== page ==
The main focus of the FNUSA-ICRC Cell Signaling team, ie research into receptor tyrosine kinases, which currently includes FGFR3, is far from over. “Currently, we have about fifteen projects under development,” Krejčí confirmed. One is the study of aptamers that would not function as a ligand trap but inhibit receptors directly. The result could be a new generation of molecules with great potential for the treatment of diseases related to damage to various organs, not just bones. “We are trying to create a bridge between basic and clinical research. So far, we are doing well, hopefully it will last in the future, ” added Pavel Krejčí.

The publication was published in the prestigious journal Science Translational Medicine and can be found here:

Achondroplasia is a genetic form of dwarf growth, the height in adulthood in those affected by this disease is on average 125 cm. It is the most common form of genetic growth disorder in humans, and is caused by mutations in the FGFR3 gene. In the Czech Republic, 4-5 children with this disorder are born annually. Four years ago, scientists from the International Clinical Research Center of St. Anne’s University Hospital Brno (FNUSA-ICRC) founded register of these children, thanks to which they collect data on their health.

On Saturday, May 15, we commemorate the Day of the Fight against Stroke. St. Anne’s University Hospital Brno, together with the Sarema Rehabilitation Center, prepared a live broadcast on the topic on her Facebook page. Stroke is the second most common cause of death in the world. Every fourth person is at risk and affects patients regardless of age. There are no exceptional cases where the stroke affected the mother during childbirth, the patient with COVID-19 or the driver while driving. It is important to get to the hospital as soon as possible and start intensive rehabilitation as soon as possible after treatment.

Head of the Stroke research team of the The International Clinical Research Center of St. Anne’s University Hospital Brno and professor of neurology Robert Mikulík emphasizes that patients should not be transported to the hospital on their own axis. “If the patient travels on his own, he may arrive at the hospital without a stroke center, which provides comprehensive care for patients with cerebrovascular problems. On the contrary, when he dials 155, the rescuers themselves will contact a suitable doctor or medical facility, ”says prof. MUDr. Robert Mikulík, Ph.D., who, in addition to the research center, also works at the 1st Department of Neurology, FNUSA and LF MU.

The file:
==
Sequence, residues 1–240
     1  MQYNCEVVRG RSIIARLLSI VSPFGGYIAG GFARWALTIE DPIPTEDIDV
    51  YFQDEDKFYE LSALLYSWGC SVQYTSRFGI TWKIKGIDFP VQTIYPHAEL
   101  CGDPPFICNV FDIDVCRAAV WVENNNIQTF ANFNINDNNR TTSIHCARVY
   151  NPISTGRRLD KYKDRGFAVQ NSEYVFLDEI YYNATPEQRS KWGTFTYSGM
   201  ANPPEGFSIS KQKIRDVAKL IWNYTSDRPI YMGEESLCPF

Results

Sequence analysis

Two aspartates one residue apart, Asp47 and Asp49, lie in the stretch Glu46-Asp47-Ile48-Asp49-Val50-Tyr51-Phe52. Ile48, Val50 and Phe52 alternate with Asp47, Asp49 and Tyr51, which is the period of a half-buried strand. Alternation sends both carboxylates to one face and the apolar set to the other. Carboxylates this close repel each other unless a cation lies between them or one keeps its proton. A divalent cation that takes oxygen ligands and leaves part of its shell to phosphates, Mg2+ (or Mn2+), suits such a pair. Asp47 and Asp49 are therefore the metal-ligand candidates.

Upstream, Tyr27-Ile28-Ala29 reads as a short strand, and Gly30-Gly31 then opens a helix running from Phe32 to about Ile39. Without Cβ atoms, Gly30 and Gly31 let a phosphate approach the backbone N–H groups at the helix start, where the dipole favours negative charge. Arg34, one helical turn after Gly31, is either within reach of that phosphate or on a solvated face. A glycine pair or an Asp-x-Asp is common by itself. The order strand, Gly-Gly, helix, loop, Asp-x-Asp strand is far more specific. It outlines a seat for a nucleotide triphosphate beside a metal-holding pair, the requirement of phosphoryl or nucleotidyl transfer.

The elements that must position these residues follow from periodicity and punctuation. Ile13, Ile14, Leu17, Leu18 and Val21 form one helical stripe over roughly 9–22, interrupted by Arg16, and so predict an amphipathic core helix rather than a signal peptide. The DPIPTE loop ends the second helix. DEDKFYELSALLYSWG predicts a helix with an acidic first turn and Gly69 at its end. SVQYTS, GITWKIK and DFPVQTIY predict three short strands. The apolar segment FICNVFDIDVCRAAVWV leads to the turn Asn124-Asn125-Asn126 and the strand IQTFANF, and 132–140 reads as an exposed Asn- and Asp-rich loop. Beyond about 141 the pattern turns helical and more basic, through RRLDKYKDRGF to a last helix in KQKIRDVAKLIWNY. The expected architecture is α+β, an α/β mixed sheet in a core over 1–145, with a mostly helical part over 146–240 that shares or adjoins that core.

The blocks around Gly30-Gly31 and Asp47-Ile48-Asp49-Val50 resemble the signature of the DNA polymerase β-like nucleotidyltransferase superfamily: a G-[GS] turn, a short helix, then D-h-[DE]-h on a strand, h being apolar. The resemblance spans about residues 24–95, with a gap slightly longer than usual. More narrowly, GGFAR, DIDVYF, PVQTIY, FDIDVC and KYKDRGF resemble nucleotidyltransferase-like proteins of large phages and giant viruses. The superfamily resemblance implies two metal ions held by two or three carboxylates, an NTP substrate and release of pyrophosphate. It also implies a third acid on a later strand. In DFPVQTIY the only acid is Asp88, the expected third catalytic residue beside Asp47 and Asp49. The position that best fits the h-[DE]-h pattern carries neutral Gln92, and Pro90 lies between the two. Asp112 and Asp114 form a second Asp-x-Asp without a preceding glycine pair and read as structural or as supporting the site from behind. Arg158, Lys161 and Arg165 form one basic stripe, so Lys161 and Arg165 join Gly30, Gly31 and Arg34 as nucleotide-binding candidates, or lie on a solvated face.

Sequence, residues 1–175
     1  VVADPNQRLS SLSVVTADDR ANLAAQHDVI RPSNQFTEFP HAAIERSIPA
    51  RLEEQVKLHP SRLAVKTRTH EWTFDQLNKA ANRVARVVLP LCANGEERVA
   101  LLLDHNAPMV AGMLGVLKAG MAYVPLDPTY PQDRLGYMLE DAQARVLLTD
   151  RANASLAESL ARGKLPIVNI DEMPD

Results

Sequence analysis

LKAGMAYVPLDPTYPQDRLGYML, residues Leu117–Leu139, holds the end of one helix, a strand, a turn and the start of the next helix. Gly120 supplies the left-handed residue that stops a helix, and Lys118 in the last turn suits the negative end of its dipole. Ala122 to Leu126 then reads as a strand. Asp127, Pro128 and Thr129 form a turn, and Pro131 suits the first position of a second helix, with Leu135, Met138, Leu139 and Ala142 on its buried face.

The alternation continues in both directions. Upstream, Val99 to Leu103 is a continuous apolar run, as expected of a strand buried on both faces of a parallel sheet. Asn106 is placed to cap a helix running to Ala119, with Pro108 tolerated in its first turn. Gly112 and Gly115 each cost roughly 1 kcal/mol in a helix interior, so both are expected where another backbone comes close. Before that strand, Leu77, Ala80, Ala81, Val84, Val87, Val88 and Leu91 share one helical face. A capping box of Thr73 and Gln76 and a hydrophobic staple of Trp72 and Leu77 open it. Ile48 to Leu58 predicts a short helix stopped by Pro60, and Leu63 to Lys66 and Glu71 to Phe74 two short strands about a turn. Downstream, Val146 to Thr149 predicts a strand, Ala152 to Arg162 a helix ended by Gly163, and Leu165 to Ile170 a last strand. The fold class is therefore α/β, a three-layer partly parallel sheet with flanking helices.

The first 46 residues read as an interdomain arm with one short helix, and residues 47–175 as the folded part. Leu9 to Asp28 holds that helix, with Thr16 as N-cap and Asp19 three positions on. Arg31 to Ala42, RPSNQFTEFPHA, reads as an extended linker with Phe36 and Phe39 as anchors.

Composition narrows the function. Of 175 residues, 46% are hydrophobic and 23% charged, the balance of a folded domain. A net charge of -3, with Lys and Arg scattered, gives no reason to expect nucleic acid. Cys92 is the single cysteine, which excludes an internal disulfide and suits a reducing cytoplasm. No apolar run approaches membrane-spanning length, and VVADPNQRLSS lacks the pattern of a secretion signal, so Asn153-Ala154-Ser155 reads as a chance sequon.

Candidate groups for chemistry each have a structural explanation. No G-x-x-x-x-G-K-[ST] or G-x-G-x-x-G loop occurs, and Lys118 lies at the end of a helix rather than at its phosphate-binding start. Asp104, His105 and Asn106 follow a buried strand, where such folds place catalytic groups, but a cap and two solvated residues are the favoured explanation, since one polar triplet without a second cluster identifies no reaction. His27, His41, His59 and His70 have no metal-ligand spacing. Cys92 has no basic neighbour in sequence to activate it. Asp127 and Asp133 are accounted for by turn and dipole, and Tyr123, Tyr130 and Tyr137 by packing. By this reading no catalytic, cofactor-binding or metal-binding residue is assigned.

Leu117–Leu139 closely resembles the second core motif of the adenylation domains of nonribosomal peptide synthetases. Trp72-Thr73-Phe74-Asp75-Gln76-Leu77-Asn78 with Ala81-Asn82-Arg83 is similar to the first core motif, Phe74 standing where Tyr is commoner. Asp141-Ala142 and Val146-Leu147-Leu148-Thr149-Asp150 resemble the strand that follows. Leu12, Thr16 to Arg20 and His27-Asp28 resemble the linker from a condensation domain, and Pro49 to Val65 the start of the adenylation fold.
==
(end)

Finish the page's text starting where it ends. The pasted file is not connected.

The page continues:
If stroke treatment is to be effective, it must be started as soon as possible, ideally within 4.5 hours of the onset of symptoms. Time is crucial for a stroke. The sooner the patient enters the hospital, the higher his chances of recovery. Professor Mikulík also draws attention to an interesting phenomenon, namely the direct connection between COVID-19 and the occurrence of stroke. “Although it has already been shown that COVID-19 can cause stroke and the number of patients should increase, we paradoxically recorded about 15% fewer cases in the hospital during the spring of 2020,” he points out that people should not risk serious consequences and during a pandemic seek professional help.

Equally important is the early start of intensive rehabilitation, as explained by Mgr. Tereza Valíková from the Sarema Rehabilitation Center: “The sooner we start, the sooner we will address the brain and neuroplastic processes. When we start later, we often encounter patients who have already developed poor compensatory habits, which are more difficult to break down, ”he says. Thanks to the start of intensive rehabilitation in time, Mrs. Eliška, who suffered a hemorrhagic stroke during childbirth, is also slowly returning to life. “Eliška had a tumor in her head that was not known. Apparently, due to the pressure at birth, there was bleeding from the tumor and a large swelling of the brain. She fell into a coma at night. After midnight, she was taken by ambulance to the hospital and operated there urgently. The tumor was successfully removed, but the swelling of the brain managed to do great damage, “recalls Eliška’s husband, Petr. His wife is now training intensively at the Sarema Rehabilitation Center and is making great progress, which you can follow on the website However, due to long-term stays in therapies, she cannot see her two sons as often as she would like.